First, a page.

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Brexit: what changes during the transition?

Overview

On 31 January 2020, the UK is set to leave the EU and enter the transition period provided for in the Withdrawal Agreement. Are there any immediate changes that businesses need to be aware of?

The general position

For most businesses, there will be little immediate change, because during the transition period the UK will, for most purposes, continue to be treated as if it were still a member state of the EU. However, businesses should take note of the following:

REFERENCES TO "EU", "EEA" ETC IN AGREEMENTS

Care should be taken when defining territory by reference to the "EU" or "EEA"; if the intention is to include the UK in the relevant territory, the agreement will need to say so (because although the UK will still be subject to EU law during the transition, legally, it will no longer be part of the EU or EEA). For a more detailed discussion of the issues, including the implications for agreements which predate 31 January 2020, see this briefing. For a checklist to assist with "Brexit-proofing" your contracts generally, see this briefing.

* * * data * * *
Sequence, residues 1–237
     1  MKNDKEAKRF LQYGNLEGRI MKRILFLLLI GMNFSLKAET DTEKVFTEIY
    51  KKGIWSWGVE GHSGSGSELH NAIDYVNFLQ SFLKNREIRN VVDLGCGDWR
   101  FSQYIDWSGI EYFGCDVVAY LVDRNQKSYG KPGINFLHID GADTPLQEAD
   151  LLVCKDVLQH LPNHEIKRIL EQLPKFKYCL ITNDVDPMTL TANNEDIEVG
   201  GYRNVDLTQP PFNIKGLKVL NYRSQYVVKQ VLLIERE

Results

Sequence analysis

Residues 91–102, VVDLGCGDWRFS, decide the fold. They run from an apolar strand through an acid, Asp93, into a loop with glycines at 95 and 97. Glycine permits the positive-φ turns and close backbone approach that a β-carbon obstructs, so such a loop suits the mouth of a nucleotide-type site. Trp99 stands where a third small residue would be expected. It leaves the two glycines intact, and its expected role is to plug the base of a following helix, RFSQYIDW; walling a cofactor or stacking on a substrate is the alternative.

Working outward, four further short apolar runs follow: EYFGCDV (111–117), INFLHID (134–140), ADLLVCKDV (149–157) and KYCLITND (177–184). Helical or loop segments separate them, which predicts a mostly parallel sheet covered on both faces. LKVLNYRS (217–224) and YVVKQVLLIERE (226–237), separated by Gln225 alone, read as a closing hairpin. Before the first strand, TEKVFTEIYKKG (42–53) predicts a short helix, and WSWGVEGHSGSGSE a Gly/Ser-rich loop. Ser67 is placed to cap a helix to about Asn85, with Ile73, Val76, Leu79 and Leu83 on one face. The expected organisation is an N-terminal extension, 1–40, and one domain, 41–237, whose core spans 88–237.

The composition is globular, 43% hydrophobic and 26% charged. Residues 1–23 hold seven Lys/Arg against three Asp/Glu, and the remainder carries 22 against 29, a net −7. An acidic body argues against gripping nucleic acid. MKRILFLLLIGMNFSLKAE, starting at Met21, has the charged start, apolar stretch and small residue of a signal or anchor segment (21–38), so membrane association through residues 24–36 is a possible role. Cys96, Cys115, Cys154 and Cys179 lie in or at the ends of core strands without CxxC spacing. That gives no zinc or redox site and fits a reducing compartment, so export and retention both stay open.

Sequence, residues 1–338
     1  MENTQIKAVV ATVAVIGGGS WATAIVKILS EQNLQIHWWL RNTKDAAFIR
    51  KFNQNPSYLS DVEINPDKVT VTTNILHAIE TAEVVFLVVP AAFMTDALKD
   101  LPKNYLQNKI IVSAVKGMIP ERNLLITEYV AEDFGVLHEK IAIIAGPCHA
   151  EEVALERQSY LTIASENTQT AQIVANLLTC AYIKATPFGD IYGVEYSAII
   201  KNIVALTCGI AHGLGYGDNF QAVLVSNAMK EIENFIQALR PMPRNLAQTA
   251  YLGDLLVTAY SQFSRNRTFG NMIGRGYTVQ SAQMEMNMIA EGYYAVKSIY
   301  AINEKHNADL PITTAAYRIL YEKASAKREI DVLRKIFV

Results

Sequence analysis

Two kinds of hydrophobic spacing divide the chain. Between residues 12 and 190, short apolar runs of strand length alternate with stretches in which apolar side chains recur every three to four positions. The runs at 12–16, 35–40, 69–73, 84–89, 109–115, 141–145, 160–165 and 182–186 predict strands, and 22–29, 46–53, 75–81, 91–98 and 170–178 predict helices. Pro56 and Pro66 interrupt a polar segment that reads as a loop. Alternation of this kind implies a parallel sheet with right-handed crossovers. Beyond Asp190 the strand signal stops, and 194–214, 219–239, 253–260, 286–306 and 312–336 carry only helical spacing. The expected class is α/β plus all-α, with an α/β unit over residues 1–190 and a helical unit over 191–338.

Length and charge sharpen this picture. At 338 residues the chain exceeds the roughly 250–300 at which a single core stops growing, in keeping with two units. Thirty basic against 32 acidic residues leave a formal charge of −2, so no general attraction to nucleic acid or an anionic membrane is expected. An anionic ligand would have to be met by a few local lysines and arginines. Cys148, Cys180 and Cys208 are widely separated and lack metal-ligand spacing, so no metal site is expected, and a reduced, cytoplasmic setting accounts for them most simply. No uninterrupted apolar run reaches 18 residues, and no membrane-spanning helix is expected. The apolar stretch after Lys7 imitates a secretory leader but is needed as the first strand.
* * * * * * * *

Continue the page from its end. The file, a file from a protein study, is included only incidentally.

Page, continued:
EU-negotiated agreements with third countries

During the transition, the UK has agreed to honour the terms of EU-negotiated agreements with third countries, such as trade agreements – but third countries may not reciprocate. For example, the UK has failed to agree "roll over" trade agreements with a number of significant jurisdictions, including Canada and Japan. However, it is important to note that this will not affect imports – it only affects exports from the UK to those countries, which may become subject to less favourable terms (e.g. the imposition of higher tariffs and/or other barriers to trade). For more detail, see this briefing.

Lastly, click here to read our explainer on the European Union (Withdrawal Agreement) Act 2020, which was passed last week.

 

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